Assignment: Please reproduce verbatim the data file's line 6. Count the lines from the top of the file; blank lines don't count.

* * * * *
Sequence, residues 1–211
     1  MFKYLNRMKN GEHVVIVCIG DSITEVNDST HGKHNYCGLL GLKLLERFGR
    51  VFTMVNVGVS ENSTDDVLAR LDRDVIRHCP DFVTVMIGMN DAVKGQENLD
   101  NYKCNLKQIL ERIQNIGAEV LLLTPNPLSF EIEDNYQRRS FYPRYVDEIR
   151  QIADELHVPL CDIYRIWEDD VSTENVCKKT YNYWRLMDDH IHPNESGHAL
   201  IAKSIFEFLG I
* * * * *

   201  IAKSIFEFLG I